Willpower:  It often takes a lot of willpower to create a new habit. And, if you’ve ever wanted to change a habit, you probably already know that willpower is hard to maintain for any length of time. Yes, we can stick to a low-fat 1,000 calorie diet and go hungry for a week or two, but eventually our willpower fades. And yes, we can do exercise we hate for a while… until we run out of willpower.

It isn’t simply because these new behaviors are less rewarding than the old behaviors. There are lots of less than fabulous things we do everyday that don’t require a lot of willpower –like grabbing the phone and opening Facebook, getting up to take the kids to school every morning, brushing our teeth or going to work every day. So what makes these examples so different?

It’s because they have already become habits. They are so ingrained in what we do and who we are that we do them almost automatically, without much thought. We don’t have to make a conscious decision each day to shower or drive to work. It’s just what we do – a habit.

There is an inverse relationship between habits and willpower. Click To Tweet

When you think about it, there is an inverse relationship between habits and willpower. At first, a new habit requires a lot of willpower to get it done day in and day out. But, as we consistently repeat the new behavior, it becomes easier and easier to do until we don’t even have to think about it anymore. So habits become easier to achieve with time whereas willpower becomes more difficult as time passes.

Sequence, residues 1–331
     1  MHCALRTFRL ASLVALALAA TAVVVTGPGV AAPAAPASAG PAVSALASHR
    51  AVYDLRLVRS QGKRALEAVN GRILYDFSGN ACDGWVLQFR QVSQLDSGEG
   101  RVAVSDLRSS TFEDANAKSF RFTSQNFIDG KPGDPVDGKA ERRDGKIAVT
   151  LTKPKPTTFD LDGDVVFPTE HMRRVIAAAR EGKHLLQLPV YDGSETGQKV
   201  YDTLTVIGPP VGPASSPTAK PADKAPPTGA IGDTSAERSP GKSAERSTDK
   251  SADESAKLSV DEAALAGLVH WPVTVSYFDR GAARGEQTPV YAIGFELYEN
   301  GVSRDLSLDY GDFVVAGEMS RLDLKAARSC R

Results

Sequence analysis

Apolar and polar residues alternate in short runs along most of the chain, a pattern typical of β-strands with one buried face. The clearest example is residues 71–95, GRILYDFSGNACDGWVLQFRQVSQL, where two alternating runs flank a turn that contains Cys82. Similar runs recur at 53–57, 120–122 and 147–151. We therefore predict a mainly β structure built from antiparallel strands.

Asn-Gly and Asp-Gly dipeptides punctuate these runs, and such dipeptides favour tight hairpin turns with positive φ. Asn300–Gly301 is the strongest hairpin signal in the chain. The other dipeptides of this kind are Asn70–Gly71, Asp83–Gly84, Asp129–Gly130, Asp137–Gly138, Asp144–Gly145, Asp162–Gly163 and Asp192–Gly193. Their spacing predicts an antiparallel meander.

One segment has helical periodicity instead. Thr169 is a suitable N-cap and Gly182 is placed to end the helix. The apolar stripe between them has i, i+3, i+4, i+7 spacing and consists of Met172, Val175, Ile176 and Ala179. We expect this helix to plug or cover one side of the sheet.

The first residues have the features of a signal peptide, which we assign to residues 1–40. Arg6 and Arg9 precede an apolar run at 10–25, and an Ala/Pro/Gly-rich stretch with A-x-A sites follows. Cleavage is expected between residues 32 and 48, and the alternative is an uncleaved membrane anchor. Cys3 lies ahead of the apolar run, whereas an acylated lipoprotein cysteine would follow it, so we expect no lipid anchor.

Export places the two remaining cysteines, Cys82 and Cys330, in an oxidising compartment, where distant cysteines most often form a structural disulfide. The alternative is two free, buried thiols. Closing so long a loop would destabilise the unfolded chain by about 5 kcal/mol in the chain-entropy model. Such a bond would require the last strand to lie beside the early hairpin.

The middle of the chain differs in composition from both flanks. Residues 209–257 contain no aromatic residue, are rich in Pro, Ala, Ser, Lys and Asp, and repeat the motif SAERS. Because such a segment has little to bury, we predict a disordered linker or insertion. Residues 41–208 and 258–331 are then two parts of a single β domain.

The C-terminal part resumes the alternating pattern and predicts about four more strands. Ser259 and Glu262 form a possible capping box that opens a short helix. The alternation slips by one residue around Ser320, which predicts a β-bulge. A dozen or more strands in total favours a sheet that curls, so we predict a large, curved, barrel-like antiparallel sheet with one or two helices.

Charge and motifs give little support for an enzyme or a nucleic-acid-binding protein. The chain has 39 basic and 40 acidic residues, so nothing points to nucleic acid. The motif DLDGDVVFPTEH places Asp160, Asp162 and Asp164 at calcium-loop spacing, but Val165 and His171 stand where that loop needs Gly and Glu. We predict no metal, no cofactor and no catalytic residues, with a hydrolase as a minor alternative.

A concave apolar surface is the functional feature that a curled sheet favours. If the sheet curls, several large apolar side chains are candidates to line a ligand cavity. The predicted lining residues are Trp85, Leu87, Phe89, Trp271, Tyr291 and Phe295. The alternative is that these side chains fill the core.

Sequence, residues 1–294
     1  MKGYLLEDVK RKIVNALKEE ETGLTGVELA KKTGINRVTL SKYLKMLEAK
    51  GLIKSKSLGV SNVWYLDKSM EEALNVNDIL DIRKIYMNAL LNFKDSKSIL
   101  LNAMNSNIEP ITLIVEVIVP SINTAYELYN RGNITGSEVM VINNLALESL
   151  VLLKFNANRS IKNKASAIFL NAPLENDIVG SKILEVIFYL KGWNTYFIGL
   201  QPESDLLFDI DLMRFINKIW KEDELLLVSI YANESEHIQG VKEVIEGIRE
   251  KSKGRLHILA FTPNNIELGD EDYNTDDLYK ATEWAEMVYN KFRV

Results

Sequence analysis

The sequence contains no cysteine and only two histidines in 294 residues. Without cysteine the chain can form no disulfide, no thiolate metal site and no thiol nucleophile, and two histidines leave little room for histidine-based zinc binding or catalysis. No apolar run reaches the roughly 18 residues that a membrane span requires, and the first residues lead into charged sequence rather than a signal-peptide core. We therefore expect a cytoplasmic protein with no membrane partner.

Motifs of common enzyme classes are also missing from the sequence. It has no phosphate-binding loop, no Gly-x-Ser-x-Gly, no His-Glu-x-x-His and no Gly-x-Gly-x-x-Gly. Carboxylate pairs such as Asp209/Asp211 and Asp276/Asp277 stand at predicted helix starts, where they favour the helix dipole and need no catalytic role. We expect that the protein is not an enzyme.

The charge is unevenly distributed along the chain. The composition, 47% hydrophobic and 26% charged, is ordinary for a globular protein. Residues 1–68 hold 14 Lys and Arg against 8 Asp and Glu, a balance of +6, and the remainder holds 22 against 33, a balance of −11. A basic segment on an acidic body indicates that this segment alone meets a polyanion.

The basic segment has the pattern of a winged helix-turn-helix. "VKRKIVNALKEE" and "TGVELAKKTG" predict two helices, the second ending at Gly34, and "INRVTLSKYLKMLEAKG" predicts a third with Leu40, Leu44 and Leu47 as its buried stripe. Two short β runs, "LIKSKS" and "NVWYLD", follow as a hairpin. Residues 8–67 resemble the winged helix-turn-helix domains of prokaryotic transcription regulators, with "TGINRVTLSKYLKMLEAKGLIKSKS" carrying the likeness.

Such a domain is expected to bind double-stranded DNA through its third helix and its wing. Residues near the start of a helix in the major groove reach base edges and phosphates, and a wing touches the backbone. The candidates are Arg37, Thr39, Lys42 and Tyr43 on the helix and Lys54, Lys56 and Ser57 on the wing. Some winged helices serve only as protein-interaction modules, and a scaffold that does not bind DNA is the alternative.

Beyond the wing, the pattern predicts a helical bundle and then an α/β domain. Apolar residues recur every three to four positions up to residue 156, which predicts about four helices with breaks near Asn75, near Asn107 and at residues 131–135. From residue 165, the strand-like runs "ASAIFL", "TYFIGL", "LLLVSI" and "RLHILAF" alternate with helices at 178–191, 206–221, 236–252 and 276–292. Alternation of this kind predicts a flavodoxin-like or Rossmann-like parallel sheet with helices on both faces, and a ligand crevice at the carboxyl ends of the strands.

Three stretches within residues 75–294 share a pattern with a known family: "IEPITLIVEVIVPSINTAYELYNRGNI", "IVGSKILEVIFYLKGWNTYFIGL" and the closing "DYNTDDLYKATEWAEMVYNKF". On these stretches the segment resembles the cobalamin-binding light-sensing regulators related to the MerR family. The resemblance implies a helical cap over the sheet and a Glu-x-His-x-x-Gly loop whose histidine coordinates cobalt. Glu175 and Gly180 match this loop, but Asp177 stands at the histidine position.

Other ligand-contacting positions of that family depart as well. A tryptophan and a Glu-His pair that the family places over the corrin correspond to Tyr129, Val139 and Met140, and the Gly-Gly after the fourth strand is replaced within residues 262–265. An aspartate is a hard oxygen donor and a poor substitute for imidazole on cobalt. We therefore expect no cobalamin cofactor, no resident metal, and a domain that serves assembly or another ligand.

Sometimes, just being aware of this process helps us stick it out. When we know we won’t always have to make such a big effort, we can see a light at the end of the tunnel. We know eventually it will become habit to go out for a run first thing in the morning and grab some fruit or fix some eggs for breakfast.

While we’re in that transition from willpower to habit, we can use tools to make it easier.

  • Use a to-do list or set a reminder to help stay on track.
  • Find an accountability partner so you can motivate and encourage each other after the initial enthusiasm wears off.
  • Even something as simple as laying out your running clothes the night before and keeping your sneakers by the door will make it a little easier to go out for that run.

By doing what we can to help our willpower along until we have made the new behavior a true habit, we stand a much better chance of success in creating a lasting change.

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